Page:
Home > News > Industry News > Demand for Solar Glass Will Continue to Rise Further

Demand for Solar Glass Will Continue to Rise Further

Post Time:Oct 24,2012Classify:Industry NewsView:425

Even today some 3 to 4% of the glass produced worldwide is used in the solar industry. With average annual growth rates of 20% to 25% this proportion is set to rise consistently. Despite price dumping and excess capacities the prospects for solar glass producers are promising at least in the medium term.

Joachim Schmid, Managing Director of the Construction Equipment and Building Material Machinery Association of VDMA, the German Engineering Federation and speaker of Forum Glass Technology is sure that this will also benefit German machinery and plant manufacturers. There is basically only one possibility for companies to counter the current Chinese market dominance: They simply have to become better than their competitors. Potential for this does exist, said Schmid at glasstec, the leading trade show of the industry held in Düsseldorf from October 23 to 26, 2012. What the producers of PV and also solar thermal systems need first and foremost is thinner and harder glass. In addition to this transmission values must be increased. However, China is also busy working on all of this. Local producers are learning fast, are prone to take risks and therefore also prepared to give new technologies a break.

Higher Transmission through Thinner Wall Thickness
If the wall thickness of solar glass could be reduced from four to two millimetres transmission could be increased by some 0.6%. Assuming 20 to 25 years as an average service life for modules this would translate into a considerable efficiency increase. The float glass currently used for thin-film technology – which accounts for a global market share of approx. 25% within photovoltaics – is currently limited to a thickness of 3.2 millimetres; the reason being that mechanical hardening is not possible. The required thermal process would destroy the coating on the glass. The only possibility for achieving reduced thickness would be chemical hardening. This, however, has scarcely been possible on an industrial scale so far. Companies introducing processes of this kind onto the market would enjoy a tremendous advantage over their competitors. This also applies to thick-film modules. Not least due to the lower silicon price they now are gaining ground again over thin-film modules. Their market share is now already as high as 75%.

Building-integrated photovoltaics also hold a great potential. In this segment especially high growth rates are expected. Even today outside walls of buildings are clad with solar modules rather than bricks. They are more expensive regarding the initial investment but prove to be the cheaper alternative over time. The same holds true for roofs and many other applications. In addition to functionality and efficiency it is above all pleasing aesthetics that are in demand for building-integrated photovoltaics. Modules have to harmoniously blend with the overall look of the building and also fulfil sound-proofing and thermal insulation requirements. This is a challenge not only for photovoltaics but also for solar glass producers. The companies that succeed in rising to this will be among the winners, said Schmid. This also holds true for glass-glass modules. Since they require twice the amount of solar glass these modules will contribute to further boosting demand. Glass Global Consulting GmbH expects the additional demand for solar glass to be as high as 1,200 million square metres for 2020 in the area of c-Si-modules. A huge figure that points to the opportunities opening up here.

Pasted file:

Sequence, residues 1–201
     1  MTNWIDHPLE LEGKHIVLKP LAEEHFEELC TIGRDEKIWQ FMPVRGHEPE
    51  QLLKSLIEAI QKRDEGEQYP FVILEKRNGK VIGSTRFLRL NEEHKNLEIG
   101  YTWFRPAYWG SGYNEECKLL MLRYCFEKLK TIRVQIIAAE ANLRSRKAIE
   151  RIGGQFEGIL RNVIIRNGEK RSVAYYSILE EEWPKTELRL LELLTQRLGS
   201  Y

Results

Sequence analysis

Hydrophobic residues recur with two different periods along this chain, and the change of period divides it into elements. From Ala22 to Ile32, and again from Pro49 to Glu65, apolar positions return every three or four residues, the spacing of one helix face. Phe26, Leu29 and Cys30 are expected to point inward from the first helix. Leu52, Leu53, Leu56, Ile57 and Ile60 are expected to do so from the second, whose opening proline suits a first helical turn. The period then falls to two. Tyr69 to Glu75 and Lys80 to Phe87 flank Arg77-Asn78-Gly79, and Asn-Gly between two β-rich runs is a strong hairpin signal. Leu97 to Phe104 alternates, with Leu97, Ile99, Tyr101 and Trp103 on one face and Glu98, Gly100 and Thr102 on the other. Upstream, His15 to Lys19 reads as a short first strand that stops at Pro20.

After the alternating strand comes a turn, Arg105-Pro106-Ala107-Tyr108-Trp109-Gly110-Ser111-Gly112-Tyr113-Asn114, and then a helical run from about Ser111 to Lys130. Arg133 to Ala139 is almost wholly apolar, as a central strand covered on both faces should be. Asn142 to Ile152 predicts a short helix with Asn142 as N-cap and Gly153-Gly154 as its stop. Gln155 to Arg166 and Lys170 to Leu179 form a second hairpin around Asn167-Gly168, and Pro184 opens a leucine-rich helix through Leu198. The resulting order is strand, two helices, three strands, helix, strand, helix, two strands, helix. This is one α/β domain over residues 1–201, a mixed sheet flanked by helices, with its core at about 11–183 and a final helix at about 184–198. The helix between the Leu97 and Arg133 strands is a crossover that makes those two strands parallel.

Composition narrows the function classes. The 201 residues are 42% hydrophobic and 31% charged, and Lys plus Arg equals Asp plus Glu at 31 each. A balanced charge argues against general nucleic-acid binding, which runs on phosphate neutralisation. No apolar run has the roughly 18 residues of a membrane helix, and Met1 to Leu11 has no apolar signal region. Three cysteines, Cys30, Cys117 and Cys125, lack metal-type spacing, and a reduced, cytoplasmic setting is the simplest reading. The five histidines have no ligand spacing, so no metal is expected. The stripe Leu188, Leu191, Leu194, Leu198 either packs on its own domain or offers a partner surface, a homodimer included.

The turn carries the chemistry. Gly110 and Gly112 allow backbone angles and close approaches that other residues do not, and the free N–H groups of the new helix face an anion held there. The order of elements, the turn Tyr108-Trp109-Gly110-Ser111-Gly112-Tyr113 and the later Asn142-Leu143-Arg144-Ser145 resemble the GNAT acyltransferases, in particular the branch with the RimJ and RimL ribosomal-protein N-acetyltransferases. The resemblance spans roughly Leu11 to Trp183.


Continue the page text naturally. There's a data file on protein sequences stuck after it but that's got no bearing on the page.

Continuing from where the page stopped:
The market for solar glass and flat glass, in particular, is highly competitive at present. European producers, in particular, are suffering from considerable price dumping, especially on the part of Chinese manufacturers. The sometimes massive excess capacities existing in China ensure that price trends are only progressing in one direction, namely downwards. Even today approximately 75% of the solar glass processed in the photovoltaics industry worldwide comes from China and the market shares of those producers are seeing continued increases. There are currently about 110 float glass lines operated in China and this means roughly twice as many as in Europe or the USA. To safeguard the highest capacity utilization possible and also to gain market share the Chinese have triggered a global downward price spiral not only on the solar glass market and nobody quite knows where this will end exactly. The prices for solar glass have more than halved in some circumstances. Both European and American producers find it hard to keep up pace with this. Not only their market shares but also their margins are shrinking. The currently existing excess capacities especially in China are expected to be reduced over the next two to three years and the market is suspected to relax again – at least to a certain extent. But prices and, hence margins, can hardly be expected to go up strongly again. To rise to the current and future challenges facing the solar glass industry, it needs not only ideas, innovations and new technologies but above all one factor: Machines and plants capable of putting into practice what the market demands. And here German machinery and plant manufacturers have that special edge. With a share of over 40% they are the uncontested global market and innovation leaders in photovoltaic plant and machinery production

Source: VDMA Glass TechnologyAuthor: shangyi

Hot News